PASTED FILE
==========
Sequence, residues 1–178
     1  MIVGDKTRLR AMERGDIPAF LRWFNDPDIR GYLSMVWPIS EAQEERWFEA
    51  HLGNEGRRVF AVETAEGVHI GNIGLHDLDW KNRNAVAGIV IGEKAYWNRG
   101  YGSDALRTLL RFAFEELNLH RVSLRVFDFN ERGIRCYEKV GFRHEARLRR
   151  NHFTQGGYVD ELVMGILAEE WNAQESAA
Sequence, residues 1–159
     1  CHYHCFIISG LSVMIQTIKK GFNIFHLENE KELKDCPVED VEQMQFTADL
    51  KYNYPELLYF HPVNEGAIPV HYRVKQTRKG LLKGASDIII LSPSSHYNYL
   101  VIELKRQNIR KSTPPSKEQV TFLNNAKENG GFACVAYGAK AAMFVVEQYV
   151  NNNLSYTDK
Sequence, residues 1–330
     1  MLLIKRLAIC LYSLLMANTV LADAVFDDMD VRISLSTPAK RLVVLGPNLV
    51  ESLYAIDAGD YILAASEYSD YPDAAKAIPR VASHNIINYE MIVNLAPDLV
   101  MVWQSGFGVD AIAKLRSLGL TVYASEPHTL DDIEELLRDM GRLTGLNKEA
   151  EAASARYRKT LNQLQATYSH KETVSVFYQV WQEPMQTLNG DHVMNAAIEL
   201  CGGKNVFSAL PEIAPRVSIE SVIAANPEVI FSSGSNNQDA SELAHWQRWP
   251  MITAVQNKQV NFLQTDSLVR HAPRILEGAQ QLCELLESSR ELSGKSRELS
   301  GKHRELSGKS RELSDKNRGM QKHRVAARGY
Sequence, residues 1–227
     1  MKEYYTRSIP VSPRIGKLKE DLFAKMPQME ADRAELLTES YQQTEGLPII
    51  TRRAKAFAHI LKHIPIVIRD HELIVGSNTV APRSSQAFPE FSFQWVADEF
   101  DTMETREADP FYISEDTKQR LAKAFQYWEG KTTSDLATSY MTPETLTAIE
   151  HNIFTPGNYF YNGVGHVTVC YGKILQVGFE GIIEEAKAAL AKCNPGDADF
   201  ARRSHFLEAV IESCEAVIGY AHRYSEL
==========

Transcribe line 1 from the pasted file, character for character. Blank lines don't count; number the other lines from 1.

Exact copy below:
Sequence, residues 1–178